The White House is pushing for Medicaid expansion under Obamacare in a new report released Monday in order to address the current opioid crisis and the lack of access to behavioral health services in the United States. Advocates, however, believe that other healthcare barriers need to be confronted as well.

At least 1.9 million people in the country with substance abuse and mental health disorders are uninsured because they live in states that have not yet expanded Medicaid under the Affordable Care Act, even though the residents have incomes that qualify them for coverage.

In the report [PDF], the Health and Human Services (HHS) department cited that if all states allowed Medicaid expansion, the coverage would result to an estimated 371,000 fewer cases of people with depression, and 540,000 more people would be in good health annually.

Richard Frank of HHS said if states are serious about tackling the opioid crisis and mental illness issues, expanding Medicaid provides a "unique opportunity" to do so.

Frank, who is an evaluation and planning assistant secretary of the HHS, said that by giving people with mental health disorders and substance abuse an easy door into treatment, they will be given a chance at improving their productivity and their overall life quality.

To date, the District of Columbia and 30 other states have exercised the option to expand Medicaid, extending the coverage to those making up the 138 percent of the federal poverty level.

Access To Insurance And Access To Treatment

Experts suppose that when people are covered by insurance, they will be more likely to see a doctor and more easily afford treatment.

But advocates said the report failed to take into account numerous other barriers that prevent people from accessing these treatments. This includes the shortage of available providers, as well as the difficulty of connecting those with mental health and substance abuse disorders to treatment that actually works for them.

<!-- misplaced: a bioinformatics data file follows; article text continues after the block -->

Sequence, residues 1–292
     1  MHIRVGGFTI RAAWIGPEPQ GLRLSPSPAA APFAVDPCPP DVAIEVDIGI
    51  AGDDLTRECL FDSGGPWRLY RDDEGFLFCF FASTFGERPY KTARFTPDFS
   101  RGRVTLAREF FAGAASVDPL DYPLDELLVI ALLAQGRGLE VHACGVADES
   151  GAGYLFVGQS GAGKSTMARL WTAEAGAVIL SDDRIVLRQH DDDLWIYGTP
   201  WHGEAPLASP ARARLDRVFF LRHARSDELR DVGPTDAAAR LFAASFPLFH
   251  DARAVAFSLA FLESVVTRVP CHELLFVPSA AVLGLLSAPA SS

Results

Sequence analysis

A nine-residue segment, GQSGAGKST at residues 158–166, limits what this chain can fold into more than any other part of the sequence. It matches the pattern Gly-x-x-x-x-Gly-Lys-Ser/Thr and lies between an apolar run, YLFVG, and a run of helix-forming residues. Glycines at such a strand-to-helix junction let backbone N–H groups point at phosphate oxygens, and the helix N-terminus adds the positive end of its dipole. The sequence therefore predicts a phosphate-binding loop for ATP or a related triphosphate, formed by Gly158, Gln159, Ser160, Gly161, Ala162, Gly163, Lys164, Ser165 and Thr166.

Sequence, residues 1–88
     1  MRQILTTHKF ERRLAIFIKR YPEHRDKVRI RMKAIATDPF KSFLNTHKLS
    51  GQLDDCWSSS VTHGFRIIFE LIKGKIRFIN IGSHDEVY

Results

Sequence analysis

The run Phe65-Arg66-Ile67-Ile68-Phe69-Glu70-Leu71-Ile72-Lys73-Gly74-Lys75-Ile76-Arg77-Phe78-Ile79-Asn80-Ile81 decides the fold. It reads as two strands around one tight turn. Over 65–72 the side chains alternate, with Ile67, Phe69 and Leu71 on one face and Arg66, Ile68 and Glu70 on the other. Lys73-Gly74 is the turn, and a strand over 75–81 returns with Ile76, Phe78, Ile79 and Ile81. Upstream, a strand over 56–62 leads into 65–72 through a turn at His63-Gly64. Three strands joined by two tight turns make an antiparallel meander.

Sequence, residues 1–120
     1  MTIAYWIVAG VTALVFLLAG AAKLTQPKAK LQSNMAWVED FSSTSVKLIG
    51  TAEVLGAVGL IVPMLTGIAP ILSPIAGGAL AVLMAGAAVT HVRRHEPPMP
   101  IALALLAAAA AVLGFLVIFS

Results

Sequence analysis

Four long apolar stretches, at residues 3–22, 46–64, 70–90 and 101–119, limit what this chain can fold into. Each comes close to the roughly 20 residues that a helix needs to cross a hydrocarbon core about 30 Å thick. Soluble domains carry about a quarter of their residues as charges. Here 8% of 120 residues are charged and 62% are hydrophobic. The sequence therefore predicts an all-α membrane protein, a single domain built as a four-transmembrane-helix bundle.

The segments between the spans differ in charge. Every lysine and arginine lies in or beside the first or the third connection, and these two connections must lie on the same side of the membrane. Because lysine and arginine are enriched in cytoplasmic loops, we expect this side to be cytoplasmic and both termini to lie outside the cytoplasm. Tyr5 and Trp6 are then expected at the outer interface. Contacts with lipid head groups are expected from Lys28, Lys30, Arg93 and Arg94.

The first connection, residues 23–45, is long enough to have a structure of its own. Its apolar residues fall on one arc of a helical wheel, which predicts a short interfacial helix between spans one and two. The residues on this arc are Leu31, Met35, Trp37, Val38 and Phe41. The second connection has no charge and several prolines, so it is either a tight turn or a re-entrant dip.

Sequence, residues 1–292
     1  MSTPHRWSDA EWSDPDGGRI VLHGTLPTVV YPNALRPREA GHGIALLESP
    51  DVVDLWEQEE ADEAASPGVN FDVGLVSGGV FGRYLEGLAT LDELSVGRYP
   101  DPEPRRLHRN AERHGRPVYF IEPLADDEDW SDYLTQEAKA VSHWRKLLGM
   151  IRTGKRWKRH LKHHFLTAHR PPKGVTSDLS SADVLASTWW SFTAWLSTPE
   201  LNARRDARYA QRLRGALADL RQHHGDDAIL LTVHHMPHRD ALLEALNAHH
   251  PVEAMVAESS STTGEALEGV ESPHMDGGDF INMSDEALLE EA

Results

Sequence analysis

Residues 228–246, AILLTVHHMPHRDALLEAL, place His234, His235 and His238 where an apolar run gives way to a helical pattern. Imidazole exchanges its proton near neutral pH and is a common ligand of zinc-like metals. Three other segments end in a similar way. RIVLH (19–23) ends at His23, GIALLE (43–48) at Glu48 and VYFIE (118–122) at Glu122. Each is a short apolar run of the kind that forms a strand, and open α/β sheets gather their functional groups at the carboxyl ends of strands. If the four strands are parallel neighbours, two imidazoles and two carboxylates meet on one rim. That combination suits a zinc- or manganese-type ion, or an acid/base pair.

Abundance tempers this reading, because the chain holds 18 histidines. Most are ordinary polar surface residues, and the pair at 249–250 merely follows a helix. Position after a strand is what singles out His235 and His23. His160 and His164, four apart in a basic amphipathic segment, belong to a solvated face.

Theresa Nguyen of Mental Health America said the group believes that Medicaid expansion is going to help a great deal.

"Access to any insurance will move people's barriers," said Nguyen, who is senior director of policy and programming. "But we've been saying for a while that access to insurance does not mean access to treatment."

Mental Health America releases an annual report called "State of Mental Health In America." In 2015, the report revealed that states differ significantly in whether they have any kind of mental health provider who can work with patients.

The availability of mental health providers fluctuates across America. Some states only cater 250 patients per provider, while others cater 1,100 per provider. Additionally, statistics from the HHS indicated that 55 percent of counties in the country, majority of which are rural, do not have practicing psychologists, psychiatrists, or social workers.

Nguyen said getting adequate treatment could take years. The process would involve recognizing the mental health condition to nailing down what kind of therapy or medication works best for the individual.

What's more, some providers accept only cash, ignoring Medicaid reimbursement and private insurance. Nguyen said this indicates that even when patients want to get treatment, the barriers are "so profound" that care is inaccessible.

Meanwhile, she said expanding Medicaid is only the first step because the government only begins to touch upon long-term systemic barriers to healthcare access.

"That is a parallel — if not a larger — systemic problem we are going to have to address if we are going to talk about helping people with a mental health problem," added Nguyen.

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